current issues in emergency medicine, reviews, opinion and curbside consults

An unexpected podcast with Dr. Dike Drummond, otherwise known as The Happy MD.

Dike coaches physicians through the stressful aspects of medical practice and has written a book on working though BURNOUT: Burnout Prevention Matrix

In this show

  • How to be an effective educator.
    • Effective teaching isn't about disgorging information while the Powerpoint slides flow by. It's about giving your listeners new skills to be better at what they do.
  • The secret to dealing with hospital administrators by acting like Columbo
  • Recognizing and overcoming burnout


Direct download: The_Happy_MD_podcast.output.mp3
Category:podcasts -- posted at: 6:45 PM

The way we learn to manage pulseless electrical activity (PEA) from the Advanced Cardiac Life Support course is a mockery wrapped up in a sham. The mnemonic is cumbersome and the treatment (such as CPR for all, empiric epinephrine) is not always appropriate for a patient with normal electrical activity and a pulse. Fear not, because there is a way out of this madness. Joe Bellezzo from the ED ECMO project joins the show to talk about his thoughts on PEA and what I think is a revolutionary approach to evaluating and treating PEA. Instead of lumping all patients with electrical activity and no palpable pulse in to one group, the authors make use of ultrasound and common sense.

PEA made easy

Step one. Look at the QRS. Is it wide or narrow?

Narrow QRS is often from some sort of right side of the heart inflow or outflow problem. The electricity is working just fine. There’s either not enough blood coming in or not enough blood going out. What are some things that can cause that? Cardiac tamponade, tension pneumothorax, mechanical hyperinflation and pulmonary embolism, severe hypovolemia.

Wide QRS. What are some things that cause PEA and impaired conduction? Hyperkalemia, sodium channel blocker toxicity such as you would see in an OD, ischemia, massive pulmonary embolism.

Myocardial infarction can cause PEA in both the narrow and wide complex groups and these patients usually do poorly. In the setting of MI, think myocardial rupture.

Step two. Look at the heart with ultrasound

Narrow QRS. If you see a collapsing RV and an effusion, that's tamponade. Collapsed RV could also be from a pneumothorax or hyperinflation. A dilated right ventricle may indicate pulmonary embolism.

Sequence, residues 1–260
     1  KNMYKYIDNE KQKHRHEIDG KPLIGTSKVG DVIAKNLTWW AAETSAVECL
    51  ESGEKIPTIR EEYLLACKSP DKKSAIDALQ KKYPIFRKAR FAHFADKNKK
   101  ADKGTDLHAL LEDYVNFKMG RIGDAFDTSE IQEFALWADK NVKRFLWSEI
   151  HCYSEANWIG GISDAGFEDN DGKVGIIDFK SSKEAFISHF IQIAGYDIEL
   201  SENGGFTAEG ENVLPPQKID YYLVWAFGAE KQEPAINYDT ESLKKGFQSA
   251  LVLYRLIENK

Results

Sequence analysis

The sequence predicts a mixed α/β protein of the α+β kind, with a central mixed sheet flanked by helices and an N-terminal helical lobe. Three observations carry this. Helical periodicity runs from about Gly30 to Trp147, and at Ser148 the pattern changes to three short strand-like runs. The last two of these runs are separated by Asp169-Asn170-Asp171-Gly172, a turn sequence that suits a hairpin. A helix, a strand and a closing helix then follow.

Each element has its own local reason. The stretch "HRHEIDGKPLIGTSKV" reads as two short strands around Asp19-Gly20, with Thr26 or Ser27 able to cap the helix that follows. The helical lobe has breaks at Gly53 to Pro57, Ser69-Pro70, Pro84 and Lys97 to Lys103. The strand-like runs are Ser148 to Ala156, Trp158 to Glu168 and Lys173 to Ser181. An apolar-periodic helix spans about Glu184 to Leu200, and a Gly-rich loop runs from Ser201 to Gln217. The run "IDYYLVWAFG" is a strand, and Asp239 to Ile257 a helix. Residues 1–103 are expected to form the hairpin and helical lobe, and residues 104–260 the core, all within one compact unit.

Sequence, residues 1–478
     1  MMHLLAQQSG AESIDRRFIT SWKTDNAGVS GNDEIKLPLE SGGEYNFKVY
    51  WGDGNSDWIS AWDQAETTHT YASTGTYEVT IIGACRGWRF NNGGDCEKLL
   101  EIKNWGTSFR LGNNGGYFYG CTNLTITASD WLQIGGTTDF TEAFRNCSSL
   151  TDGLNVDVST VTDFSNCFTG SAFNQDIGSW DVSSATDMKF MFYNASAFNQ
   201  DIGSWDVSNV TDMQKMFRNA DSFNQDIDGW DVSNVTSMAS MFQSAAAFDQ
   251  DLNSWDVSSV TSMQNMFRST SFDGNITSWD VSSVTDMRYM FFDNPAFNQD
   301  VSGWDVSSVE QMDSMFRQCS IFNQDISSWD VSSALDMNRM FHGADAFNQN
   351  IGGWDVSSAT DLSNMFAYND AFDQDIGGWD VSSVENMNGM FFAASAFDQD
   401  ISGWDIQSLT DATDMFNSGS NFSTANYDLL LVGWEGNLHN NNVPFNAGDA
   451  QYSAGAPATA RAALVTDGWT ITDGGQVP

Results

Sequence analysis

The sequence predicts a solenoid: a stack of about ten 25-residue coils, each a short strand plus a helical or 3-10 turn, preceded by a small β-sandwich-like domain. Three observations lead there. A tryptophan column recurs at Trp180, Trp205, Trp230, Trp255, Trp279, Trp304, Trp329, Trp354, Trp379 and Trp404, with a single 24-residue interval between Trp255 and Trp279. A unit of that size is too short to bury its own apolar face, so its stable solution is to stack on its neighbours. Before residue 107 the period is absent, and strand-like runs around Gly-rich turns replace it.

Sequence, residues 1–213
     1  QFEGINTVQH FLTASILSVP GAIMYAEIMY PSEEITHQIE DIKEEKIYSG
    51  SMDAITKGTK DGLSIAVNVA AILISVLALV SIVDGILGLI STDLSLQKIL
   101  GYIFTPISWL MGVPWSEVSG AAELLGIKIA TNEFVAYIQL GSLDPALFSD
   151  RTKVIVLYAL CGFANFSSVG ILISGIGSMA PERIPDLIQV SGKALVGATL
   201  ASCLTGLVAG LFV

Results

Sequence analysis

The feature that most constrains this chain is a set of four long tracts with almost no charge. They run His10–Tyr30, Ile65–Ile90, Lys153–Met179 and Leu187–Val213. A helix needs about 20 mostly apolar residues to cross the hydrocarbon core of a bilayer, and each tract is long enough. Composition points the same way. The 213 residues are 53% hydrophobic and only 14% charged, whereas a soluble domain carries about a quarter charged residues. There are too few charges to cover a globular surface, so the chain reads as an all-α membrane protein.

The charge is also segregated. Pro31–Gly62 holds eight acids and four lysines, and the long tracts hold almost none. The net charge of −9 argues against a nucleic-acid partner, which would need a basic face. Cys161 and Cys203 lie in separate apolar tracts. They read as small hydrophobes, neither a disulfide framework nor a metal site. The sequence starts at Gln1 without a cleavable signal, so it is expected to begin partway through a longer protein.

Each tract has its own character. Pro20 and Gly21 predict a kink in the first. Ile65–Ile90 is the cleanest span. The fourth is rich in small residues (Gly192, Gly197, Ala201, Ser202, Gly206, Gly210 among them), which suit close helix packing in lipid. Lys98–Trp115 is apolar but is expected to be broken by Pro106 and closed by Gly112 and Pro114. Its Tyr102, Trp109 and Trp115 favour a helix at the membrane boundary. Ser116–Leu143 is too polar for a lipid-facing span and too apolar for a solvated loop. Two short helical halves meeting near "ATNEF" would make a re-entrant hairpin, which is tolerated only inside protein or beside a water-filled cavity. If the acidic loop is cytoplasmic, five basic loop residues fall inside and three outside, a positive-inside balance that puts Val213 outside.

Wide QRS. Ultrasound will usually show a hypo kinetic heart or it may not be beating at all.

Step three. Empiric Treatment

Narrow QRS. This is often a flow problem so unleash the wide open fluids. Then focus on specific treatment if you have identified a cause by ultrasound. Cardiac tamponade- pericardiocentesis, Tension pneumothroax-decompress the chest, massive pulmonary embolism- thrombolytics, hyperinflation- adjust the vent settings

Wide QRS. There's a fair chance that your patient has some sort of metabolic problem (hyperkamemia or sodium channel OD) so push an amp of sodium bicarbonate and an amp of calcium.


Littmann, Laszlo, Devin J. Bustin, and Michael W. Haley. "A simplified and structured teaching tool for the evaluation and management of pulseless electrical activity." Medical Principles and Practice 23.1 (2013): 1-6.

Direct download: PEA_is_a_bunch_of_BS.output.mp3
Category:podcasts -- posted at: 3:52 PM

What's it like to be an emergency physician? Take a look inside the psyches of ED docs from around the planet.

So, you want to be an ER doctor. What does that mean? Is it even possible to understand the reality of life as a full time emergency physician when you make the leap of faith on Match day? Because that's what it is, isn't it? The match, a leap of faith? You spend, at best, a few months in medical school doing all of the fun stuff in a specialty and then you need to decide the course of the rest of your life as a physician. It's analogous to emergency medicine in a way, making a monumental and critical decision based on insufficient information.

I graduated from medical school in the mid 90s. I was certain, CERTAIN, that I was going to be an orthopedic surgeon. That idea was locked in until I actually rotated in ortho. The comraderie was great, the OR was fun, clinic always interesting, but it didn't feel like it fit my personality. As I rotated through each medical specialty in the third year of med school, there was always time spent in the ED. Whenever I was there, in the emergency department, I loved it. The pathology, the pace, procedures, and the challenge of diagnosing and managing undifferentiated complaints and…. the people who worked in the ED were my sort of folk: A) Smartasses B) Short attention spans C) Excited at the uncertainty of what was lying behind curtain number one and D) What I hoped would be part of my persona some day- taking care of business in the critically ill patient, getting it done like there was nothing to it. Caring for patients in the ED, I  felt like I was making a difference. But, as I said, the downsides aren't as apparent when you're in the infatuation stage. I later leaned what stressed me out, and believe me, even if you think you're invincible, you too have a stress point. For me, it was task saturation. Too much to do all at once. When you get out of training and it's just you with a fully loaded ED with lots of sick patients,  phone calls to make, procedures to do, conversations, charting, and on and on... task saturation. It's one of the skills you learn in residency but nothing can fully prepare you for your first day at the captains helm. That was something I had to learn, not only to live with, but how to manage. Task saturation happens at least once every shift.